Ultimately the crew resolved to simply take turns hauling Kortman on their backs the rest of the way in, something Mark Evans said he accidentally predicted months before.
“When we contacted Shannon, I told him if we have to carry you in on our backs, we’re going to get you a bear, and that’s exactly what we did,” he said.
“It was pretty thick, but just the length – seven-tenths of a mile in – is quite a ways,” Jordan Farmer said. “We all kind of switched off and got him in there.”
“I could not believe it,” Kortman said. “It had been close to an hour and a half, two hours, and the dogs still had the bear up the tree.”
Kortman attempted to use a turkey hunting chair to aim at the bear, but the angle was no good. Instead, he put his hand on his knee and “freehanded it,” he said.
The first shot from his .450 Bushmaster hit behind the bear’s shoulder, and it buckled and shifted to the other side of the tree. The second blast was a fatal shot, and the bear fell.
“I couldn’t believe it,” Kortman said. “I was in awe. I was excited. There were so many emotions going through me.”
“He was thrilled, and it was awesome to see,” Farmer said, describing the hunt as “the most rewarding and emotional” experience.
“It was very emotional to just be able to help someone out and fulfill his dream like that,” he said. “It was the best hunt I’ve been able to be a part of.”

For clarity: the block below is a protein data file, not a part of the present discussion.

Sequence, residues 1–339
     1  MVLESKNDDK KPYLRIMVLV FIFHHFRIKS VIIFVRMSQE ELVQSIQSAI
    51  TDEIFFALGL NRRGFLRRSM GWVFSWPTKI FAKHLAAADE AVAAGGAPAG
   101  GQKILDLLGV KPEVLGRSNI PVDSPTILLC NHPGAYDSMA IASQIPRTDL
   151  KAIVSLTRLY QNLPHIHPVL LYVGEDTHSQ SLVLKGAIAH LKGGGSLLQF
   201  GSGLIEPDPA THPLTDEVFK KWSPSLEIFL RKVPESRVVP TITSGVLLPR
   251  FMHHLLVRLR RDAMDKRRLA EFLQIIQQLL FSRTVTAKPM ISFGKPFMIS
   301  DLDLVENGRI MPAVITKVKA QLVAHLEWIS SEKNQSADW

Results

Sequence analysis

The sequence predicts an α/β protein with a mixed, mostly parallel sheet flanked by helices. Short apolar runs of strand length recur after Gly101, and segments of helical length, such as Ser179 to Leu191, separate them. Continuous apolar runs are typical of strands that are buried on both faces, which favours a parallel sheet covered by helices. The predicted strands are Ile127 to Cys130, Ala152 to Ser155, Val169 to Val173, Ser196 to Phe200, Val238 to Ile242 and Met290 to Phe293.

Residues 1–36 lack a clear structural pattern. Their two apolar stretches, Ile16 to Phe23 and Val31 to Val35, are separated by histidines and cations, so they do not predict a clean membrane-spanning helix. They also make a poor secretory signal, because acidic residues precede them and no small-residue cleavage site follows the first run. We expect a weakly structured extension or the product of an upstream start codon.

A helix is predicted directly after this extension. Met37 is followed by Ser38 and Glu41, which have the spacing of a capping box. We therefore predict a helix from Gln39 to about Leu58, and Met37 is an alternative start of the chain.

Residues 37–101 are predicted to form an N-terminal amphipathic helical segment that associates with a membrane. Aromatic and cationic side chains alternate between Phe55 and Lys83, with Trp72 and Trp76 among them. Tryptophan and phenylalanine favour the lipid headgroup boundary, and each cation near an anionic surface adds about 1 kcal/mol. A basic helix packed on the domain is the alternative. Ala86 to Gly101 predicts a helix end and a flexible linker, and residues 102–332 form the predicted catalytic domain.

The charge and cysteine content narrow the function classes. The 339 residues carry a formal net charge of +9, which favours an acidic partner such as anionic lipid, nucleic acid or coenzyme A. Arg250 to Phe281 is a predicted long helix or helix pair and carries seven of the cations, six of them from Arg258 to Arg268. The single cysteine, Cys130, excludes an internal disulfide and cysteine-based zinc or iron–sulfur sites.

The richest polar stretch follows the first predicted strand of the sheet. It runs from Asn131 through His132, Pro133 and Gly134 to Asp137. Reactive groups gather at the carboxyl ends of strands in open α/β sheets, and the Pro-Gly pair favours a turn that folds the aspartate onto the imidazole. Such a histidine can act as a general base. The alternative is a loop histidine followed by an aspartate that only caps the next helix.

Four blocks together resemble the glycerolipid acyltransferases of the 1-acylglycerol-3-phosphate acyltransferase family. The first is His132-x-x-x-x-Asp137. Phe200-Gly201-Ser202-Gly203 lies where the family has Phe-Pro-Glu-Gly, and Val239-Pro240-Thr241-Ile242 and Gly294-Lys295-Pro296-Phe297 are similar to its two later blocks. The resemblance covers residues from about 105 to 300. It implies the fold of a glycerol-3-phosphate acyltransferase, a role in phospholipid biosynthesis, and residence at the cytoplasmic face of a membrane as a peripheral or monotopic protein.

It was precisely the kind of emotional experience Hunters for Life aims to create by helping to connect folks in difficult situations with outdoor experiences they won’t forget. The connection changes the lives of both the hunters it helps and the professionals that donate their time and resources to make it happen, Mark Evans said. “The biggest thing is not the physical people we’re taking out,” he said, “it’s the way people look at things.”
“It definitely opens your eyes to try anything,” Farmer said.
For Kortman, his dream became a reality when he posed for pictures with his new friends and the 187-pound boar they helped him harvest.
“They picked him up and brought him to me,” he said. “It was one of those moments, I can’t believe it came together so perfectly.”
Scott Evans agreed, “It was definitely the most challenging thing (Hunters for Life) has ever done,” he said.
Mark Evans started the nonprofit after Scott lost his eyesight to a rare condition called Stargardts in his late teens to illustrate how it’s possible to overcome disabilities and difficult life situations to pursue a passion for the outdoors.
After college, Scott took over most of the operations for Hunters for Life, shepherding numerous folks with disabilities, veterans and others on outdoor expeditions, from ice fishing to goose and duck hunting, running bear baits and bass fishing fundraisers.
Scott relies heavily on volunteers and generosity from the hunting community through HuntersforLife.com. Kortman’s hunt was no exception, made possible by the Farmers, their friends and family, and many others who attended to make it a success.
“If we didn’t have the help we had, we would have been in trouble,” Scott Evans said, adding the generosity extended to the meat processor, as well. “Soderman’s in Gladstone … wouldn’t take any money from us.”